Before last night’s presidential debate, if I were to mention the phrase “Joe the Plumber” to you, the image you’d conjure in response would likely involve a doughy male backside, leaning below a kitchen sink, the waist of the jeans meant to cover said backside riding just a little too low to do the job, if you know what I mean.

You would probably not picture, therefore, Joe Wurzelbacher, newly minted as the official Joe the Plumber™ of Campaign 2008: a beefy bald guy who, after fifteen years spent working as a plumber in Holland, Ohio, is now in a position to buy a company that could gross up to $280,000 a year. You would probably not picture the guy who is—based on what we know about him, anyway, from reporters’ frantic phone calls and even more frantic Google searches—in many ways a fitting example of the hard work and resultant upward mobility that are key components of the old campaign-trail standby that is The American Dream.

But, today, as the direct result of “Joe the Plumber” being evoked twenty-six times during last night’s presidential debate, stereotype has collided with reality. The cliched old image of the saggy-pantsed pipe-snaker has been not only fleshed out, but transformed. You’d think the media would be thrilled about this turn of events, since, in Wurzelbacher, they have a person who humanizes the candidates’ tax policies, and who exemplifies the effects each candidate’s proposals might have on an average American. You’d think.

Instead, the media responded to Joe the Plumber™ in the same basic way they responded to Joe Sixpack™: with a barely-disguised roll of the eyes. “Does Joe the Plumber know Joe Six-Pack?” asked Reuters, gleefully. “‘Joe the Plumber’ becomes a national fixture,” declared the Los Angeles Times, barely able to contain its delight at its own punny headline. “Barack Obama looked like a prosecutor delivering a polished summation in a long civil case, Joe the Plumber v. George W. Bush,” wrote The New York Times. “This should forever be known as the Joe the Plumber Debate,” opined The Washington Post. “Now We Know Joe Six Pack Is A Plumber,” announced TIME.

Granted, this campaign has been going on for nearly two years now—and, like all parents dealing with a kid in its Terrible Twos, the media have a right to indulge in some levity. Particularly in a situation which involves a candidate for the presidency of the United States using the phrase “my old buddy, Joe the plumber” with a straight face in a Serious Policy Debate. So, on the one hand, you know, have at it.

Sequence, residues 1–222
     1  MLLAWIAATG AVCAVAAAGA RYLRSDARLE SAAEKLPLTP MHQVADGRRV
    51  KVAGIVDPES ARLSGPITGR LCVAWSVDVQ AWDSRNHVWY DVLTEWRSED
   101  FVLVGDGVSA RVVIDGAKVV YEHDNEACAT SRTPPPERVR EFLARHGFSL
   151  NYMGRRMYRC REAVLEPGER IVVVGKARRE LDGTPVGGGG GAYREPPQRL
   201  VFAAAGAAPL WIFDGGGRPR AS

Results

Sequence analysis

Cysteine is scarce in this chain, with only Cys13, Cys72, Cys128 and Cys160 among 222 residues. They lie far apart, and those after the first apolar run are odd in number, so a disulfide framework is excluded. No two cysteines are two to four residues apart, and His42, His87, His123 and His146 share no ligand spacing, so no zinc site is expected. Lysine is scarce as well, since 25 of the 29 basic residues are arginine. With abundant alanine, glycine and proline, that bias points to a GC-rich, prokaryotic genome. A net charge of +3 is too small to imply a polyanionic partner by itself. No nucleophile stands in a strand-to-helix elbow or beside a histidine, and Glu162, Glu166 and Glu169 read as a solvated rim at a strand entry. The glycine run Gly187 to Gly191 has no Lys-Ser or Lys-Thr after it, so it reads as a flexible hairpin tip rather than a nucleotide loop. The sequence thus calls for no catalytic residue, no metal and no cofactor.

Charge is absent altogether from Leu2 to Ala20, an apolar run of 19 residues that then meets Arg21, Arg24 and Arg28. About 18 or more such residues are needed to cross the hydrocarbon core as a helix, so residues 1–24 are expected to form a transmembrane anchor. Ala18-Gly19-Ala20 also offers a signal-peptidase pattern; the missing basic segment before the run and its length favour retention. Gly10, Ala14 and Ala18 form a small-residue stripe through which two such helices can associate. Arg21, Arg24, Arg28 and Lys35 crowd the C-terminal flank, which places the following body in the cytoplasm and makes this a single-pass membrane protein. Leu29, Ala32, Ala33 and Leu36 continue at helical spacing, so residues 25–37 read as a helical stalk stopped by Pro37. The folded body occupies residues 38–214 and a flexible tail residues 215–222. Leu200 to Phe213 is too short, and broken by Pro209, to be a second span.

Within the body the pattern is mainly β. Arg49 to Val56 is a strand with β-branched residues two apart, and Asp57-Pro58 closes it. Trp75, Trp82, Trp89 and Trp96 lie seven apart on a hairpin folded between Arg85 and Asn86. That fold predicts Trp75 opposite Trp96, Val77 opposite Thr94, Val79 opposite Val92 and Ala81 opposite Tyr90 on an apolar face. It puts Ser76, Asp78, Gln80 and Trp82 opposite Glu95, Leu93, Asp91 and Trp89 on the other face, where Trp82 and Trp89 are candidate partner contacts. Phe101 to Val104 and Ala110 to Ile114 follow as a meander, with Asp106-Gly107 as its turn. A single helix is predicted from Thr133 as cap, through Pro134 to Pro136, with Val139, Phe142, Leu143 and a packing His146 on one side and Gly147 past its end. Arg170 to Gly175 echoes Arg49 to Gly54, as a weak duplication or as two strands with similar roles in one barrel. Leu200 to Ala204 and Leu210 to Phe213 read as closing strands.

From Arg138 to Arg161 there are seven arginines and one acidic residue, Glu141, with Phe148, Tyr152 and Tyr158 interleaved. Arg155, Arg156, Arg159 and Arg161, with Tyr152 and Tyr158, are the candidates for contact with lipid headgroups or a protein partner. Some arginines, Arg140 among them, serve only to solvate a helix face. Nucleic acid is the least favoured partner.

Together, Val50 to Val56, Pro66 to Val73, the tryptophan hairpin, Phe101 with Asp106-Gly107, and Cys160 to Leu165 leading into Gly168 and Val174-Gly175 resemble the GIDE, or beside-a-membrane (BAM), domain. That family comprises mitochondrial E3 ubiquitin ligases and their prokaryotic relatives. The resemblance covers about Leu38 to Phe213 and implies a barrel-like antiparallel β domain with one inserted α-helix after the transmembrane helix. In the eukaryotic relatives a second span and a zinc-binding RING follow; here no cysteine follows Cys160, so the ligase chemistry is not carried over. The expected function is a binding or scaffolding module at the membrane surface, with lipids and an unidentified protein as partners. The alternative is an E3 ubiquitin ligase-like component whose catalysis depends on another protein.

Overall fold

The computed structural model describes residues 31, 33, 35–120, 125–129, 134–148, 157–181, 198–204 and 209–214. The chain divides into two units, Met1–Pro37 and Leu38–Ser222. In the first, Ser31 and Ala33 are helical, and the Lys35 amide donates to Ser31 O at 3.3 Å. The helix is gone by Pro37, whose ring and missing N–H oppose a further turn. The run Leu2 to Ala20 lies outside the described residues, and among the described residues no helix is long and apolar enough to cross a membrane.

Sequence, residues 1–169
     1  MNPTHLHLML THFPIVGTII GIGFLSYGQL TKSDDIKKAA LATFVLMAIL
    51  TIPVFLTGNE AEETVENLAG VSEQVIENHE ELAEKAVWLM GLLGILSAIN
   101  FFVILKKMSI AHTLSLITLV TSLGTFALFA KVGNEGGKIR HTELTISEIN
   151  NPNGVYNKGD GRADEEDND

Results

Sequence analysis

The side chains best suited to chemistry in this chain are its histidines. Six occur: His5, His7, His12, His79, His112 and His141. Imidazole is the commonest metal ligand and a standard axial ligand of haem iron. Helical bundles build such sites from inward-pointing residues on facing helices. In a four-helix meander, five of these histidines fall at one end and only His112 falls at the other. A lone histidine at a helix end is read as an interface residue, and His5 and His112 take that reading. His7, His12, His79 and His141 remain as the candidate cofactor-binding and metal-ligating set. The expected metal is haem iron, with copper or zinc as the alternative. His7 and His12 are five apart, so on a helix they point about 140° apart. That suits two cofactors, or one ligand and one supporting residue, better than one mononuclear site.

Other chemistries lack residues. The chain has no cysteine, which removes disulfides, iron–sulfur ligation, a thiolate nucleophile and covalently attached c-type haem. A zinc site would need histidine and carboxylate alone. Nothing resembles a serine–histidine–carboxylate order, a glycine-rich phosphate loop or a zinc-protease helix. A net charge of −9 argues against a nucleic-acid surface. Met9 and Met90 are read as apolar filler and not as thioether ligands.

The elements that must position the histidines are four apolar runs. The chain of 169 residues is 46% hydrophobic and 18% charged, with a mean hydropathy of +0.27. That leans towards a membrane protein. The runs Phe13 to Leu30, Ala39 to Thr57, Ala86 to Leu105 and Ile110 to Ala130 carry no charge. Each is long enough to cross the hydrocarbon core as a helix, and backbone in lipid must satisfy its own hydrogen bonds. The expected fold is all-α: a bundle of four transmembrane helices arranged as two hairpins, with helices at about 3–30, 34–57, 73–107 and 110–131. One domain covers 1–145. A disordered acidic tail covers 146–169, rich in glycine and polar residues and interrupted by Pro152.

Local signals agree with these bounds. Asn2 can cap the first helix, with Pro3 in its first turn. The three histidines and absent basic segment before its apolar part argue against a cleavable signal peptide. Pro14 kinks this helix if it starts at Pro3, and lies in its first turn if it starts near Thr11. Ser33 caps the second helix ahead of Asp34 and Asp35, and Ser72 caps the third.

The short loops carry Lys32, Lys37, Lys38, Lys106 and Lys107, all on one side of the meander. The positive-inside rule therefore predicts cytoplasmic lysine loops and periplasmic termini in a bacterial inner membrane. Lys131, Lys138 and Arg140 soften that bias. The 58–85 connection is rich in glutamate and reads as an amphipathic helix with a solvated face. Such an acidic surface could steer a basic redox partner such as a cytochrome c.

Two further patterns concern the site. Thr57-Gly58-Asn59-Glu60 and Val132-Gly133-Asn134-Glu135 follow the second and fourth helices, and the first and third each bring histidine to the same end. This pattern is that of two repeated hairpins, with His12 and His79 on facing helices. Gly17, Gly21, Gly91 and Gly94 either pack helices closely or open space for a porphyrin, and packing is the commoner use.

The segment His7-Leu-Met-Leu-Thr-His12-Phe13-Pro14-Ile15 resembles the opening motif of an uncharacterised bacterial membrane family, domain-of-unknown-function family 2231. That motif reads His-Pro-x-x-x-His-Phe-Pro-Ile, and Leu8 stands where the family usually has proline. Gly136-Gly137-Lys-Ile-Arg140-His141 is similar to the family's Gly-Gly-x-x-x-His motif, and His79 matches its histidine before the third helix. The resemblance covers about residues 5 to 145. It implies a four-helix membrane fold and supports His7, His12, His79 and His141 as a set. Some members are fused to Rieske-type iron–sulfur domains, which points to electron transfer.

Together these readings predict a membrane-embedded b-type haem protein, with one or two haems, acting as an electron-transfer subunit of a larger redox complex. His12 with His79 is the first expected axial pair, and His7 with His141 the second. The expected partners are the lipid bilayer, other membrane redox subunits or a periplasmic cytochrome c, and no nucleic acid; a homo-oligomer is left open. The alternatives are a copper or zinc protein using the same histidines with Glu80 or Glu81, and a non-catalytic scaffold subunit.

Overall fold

And yet. There’s a fine line between having fun and making fun. And it’s a line many in the media straddled, if not fully crossed, last night. TV pundits, in particular, found great delight, last night, in declaring, oh-so-ironically, that “Joe the Plumber won the debate.” But, um, why is that ironic? Isn’t it kind of fantastic that a literal Average Joe became the focus of a give-and-take between candidates?

The reason Wurzelbacher was mentioned last night in the first place, after all, is that he carried on a long (six-minute, which is eons in Campaign Stop Time) conversation with Obama about the candidate’s tax policy. Their debate was nuanced and respectful and rooted in the everyday implications of policies too often presented in abstract terms. After explaining his situation to Obama, Wurzelbacher told the candidate, “I’m being taxed more and more for fulfilling the American Dream.” To which Obama responded,

I’m gonna cut taxes a little bit more for the folks who are most in need and for the 5 percent, of the folks who are doing very well - even though they’ve been working hard and I appreciate that – I just want to make sure they’re paying a little bit more in order to pay for those other tax cuts.

“It’s not that I want to punish your success, “Obama concluded. “I just want to make sure that everybody who is behind you – that they’ve got a chance at success too.”

See the full exchange—which was, all in all, long and thoughtful—here.

Sure, you could say, the exchange gained the traction it did because Obama happened to use the phrase “spread the wealth around” in the course of his discussion with Wurzelbacher, which—socialism alert!—made it spread like wildfire among conservative media outlets. And, sure, McCain is being cynical in framing Wurzelbacher’s situation as evidence of Obama’s desire for “class warfare,” as he did last night—and, generally, in framing himself as the working man’s only friend in Washington. Perhaps, taken together, the media have a reason to be jaundiced toward someone like Joe.

Still, though, the media need to be framing candidates’ economic policies in terms of how they’ll affect people. That’s a large part of their job. The initial exchange between Wurzelbacher and Obama was, above all, a great example of the give-and-take that should be occurring between the candidates and the voters; it’d be great if the media would make themselves part of that conversation. As Clint put it today on The Kicker, “As Joe The Plumber enjoys his 15 minutes, would it be too much to ask that some of that time be devoted to fair-minded determinations of how the candidates’ respective tax and health care plans would affect people like Joe? How about to finding out roughly how many Americans are in situations roughly similar to Joe?”

While we’re asking those questions, it’s also worth wondering why, exactly, we have an impulse toward irony when it comes to people like Joe. And whether that impulse might just have something to do with the fact that so many Americans mistrust the media.

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Megan Garber is an assistant editor at the Nieman Journalism Lab at Harvard University. She was formerly a CJR staff writer.